Tuesday, July 27, 2010

The Finishing Fling

I have been feeling 'pinned' lately much like these scarves! I had originally thought that these would be a quick project being plain weave and featuring colour, but apparently not. I might be the 'queen of twill' as Lynnette called me, but it seems I have a lot to learn about plain weave.
I took the first two red stripe scarves off the loom and immediately wound on the greens. I thought I would do finishing on the reds while weaving off the greens. I had them pinned out on my old board and worked out the twisting order to keep the colours solid over the barber pole look.
While I did lose some of the colour intensity, the finer black silk weft did a great job. Please notice the straight selvedges. (Not because I'm showing off, but because this is important for my story later on. )

I'm able to twist groups of equal size except for the two little red stripes and I'm okay with the little skinny group. I can work that up with beads and such.

Above you can see the reds are done and I'm weaving away on the greens. At no point did I have any trouble with the tension. In fact, it was beamed on wonderfully and I'm enjoying the weaving very much. (okay, don't get too far ahead of me now! :)
Next up was beading and I went for red beads on the black sections and black on the red, then a fancy 'special' midsection. It was fun choosing! They are only 5 inches wide so this didn't take very long.
A little star for the midsection on one red scarf.

Meanwhile, the greens are off the loom and now being fringed. Sorry these pictures are a bit dark but something seems to be wrong with my Canon DSLR. Sometimes the flash works, sometimes it won't... and even when it does, its not really bright. Mind you, these are dark colours!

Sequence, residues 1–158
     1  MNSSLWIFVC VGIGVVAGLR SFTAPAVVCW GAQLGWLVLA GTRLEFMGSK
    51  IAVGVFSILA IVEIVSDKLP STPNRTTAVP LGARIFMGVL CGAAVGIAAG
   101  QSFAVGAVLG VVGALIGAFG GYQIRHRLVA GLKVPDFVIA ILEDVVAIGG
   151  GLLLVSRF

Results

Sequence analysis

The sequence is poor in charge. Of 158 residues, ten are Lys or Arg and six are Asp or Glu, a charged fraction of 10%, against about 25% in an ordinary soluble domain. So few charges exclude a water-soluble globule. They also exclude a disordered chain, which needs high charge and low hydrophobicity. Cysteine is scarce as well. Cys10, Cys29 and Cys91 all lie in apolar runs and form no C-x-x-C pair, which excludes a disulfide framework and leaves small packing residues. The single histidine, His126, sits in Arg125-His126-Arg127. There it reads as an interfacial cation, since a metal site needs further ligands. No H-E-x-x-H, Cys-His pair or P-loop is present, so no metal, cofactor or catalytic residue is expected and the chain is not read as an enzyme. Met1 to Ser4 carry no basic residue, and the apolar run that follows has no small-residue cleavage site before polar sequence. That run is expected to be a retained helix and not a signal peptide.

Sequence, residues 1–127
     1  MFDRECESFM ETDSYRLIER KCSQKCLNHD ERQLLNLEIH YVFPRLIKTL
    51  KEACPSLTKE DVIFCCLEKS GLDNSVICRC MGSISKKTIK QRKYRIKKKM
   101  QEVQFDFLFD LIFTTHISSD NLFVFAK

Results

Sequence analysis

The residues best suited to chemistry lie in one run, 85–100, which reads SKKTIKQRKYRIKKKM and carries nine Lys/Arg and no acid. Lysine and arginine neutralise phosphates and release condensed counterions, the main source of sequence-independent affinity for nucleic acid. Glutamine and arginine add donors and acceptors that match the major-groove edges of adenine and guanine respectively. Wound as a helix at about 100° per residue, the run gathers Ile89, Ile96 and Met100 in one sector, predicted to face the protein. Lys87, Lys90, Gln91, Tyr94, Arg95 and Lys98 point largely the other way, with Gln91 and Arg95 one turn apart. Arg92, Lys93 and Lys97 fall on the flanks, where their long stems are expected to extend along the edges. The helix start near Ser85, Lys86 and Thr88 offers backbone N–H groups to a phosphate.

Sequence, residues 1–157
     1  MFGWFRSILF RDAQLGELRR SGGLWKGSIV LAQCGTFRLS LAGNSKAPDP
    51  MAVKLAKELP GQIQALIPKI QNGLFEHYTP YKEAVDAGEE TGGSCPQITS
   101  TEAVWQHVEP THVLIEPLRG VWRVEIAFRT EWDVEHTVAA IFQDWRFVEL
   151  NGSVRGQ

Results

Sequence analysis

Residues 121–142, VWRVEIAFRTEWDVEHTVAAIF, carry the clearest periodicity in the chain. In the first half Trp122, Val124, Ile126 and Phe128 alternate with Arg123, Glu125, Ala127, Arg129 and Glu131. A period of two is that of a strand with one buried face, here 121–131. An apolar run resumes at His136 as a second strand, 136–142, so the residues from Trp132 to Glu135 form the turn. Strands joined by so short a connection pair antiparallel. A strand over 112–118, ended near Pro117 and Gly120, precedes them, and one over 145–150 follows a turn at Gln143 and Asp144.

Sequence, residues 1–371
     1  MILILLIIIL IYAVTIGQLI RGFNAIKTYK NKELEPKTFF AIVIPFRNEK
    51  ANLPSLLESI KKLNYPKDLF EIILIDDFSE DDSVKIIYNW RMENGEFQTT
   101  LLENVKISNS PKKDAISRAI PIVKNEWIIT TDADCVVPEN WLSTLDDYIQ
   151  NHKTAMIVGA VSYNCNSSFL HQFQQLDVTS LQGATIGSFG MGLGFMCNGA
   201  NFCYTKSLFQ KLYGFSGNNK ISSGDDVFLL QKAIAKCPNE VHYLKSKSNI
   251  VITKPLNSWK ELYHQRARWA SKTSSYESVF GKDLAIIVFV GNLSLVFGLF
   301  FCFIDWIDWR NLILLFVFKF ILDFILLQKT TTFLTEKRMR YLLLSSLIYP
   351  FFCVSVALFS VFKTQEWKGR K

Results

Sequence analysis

Same as before, colours were twisted onto each other and went quickly. You can see how nice the edges are here!

I put some of my new green beads to work and got them all tricked out in an afternoon.

Here's a close up of the work under way...

All done and this one shows the centre feature showing a little dragonfly. Our yard is full of them this year!

All four scarves went into the laundry tub for a good soak and gentle wash, rinsed and then hung to drip dry outside under the upper deck. There was a nice breeze that day and they dried quickly.

The edges now have a wavy edge and the centre stripe seems to be so much 'tighter' then the solid green or black tencel. It's all tencel, but the variegated portion came from a different source.
The selvedges seem 'lumpy' now.... what the heck is going on here??

What was beautifully straight and smooth, looks like this now...

and like this....
In fact out of four scarves, only one is okay as far as edges are concerned. I was not happy and tried to think what had gone wrong! The centre tightness I could understand as the two types of tencel are from different sources. This problem disappeared with careful steam ironing thankfully. Love my Rowenta with 400 steam holes!! In fact the scarves are buttery soft despite the tighter sett. I'm left with nasty edges to deal with. So I did what any other weaver does at a time like this, you call your BFF and whine! Lynnette recommended I try the cord edging trick like she had done with her edges on her echo weave scarves. This sounded fantastic and I got right to it.
I used 4 ends of black tencel, wound two against two ( to mimic the small coloured group in the fringe). The length of yarn ran down an entire hallway to a door knob at one end of my house and me stretched away at the other and twisting like mad! I got it as tight as I could but even after you knot the end and release, some twist comes out. This means as you hand sew it on (yes, hand sew) you must add additional twist to keep it firm as you go.

I settled on this method. Which ever side the thread comes out on is my starting point. So with extra twist applied and securely held by my thumb, I sew through the scarf edge and into the cord.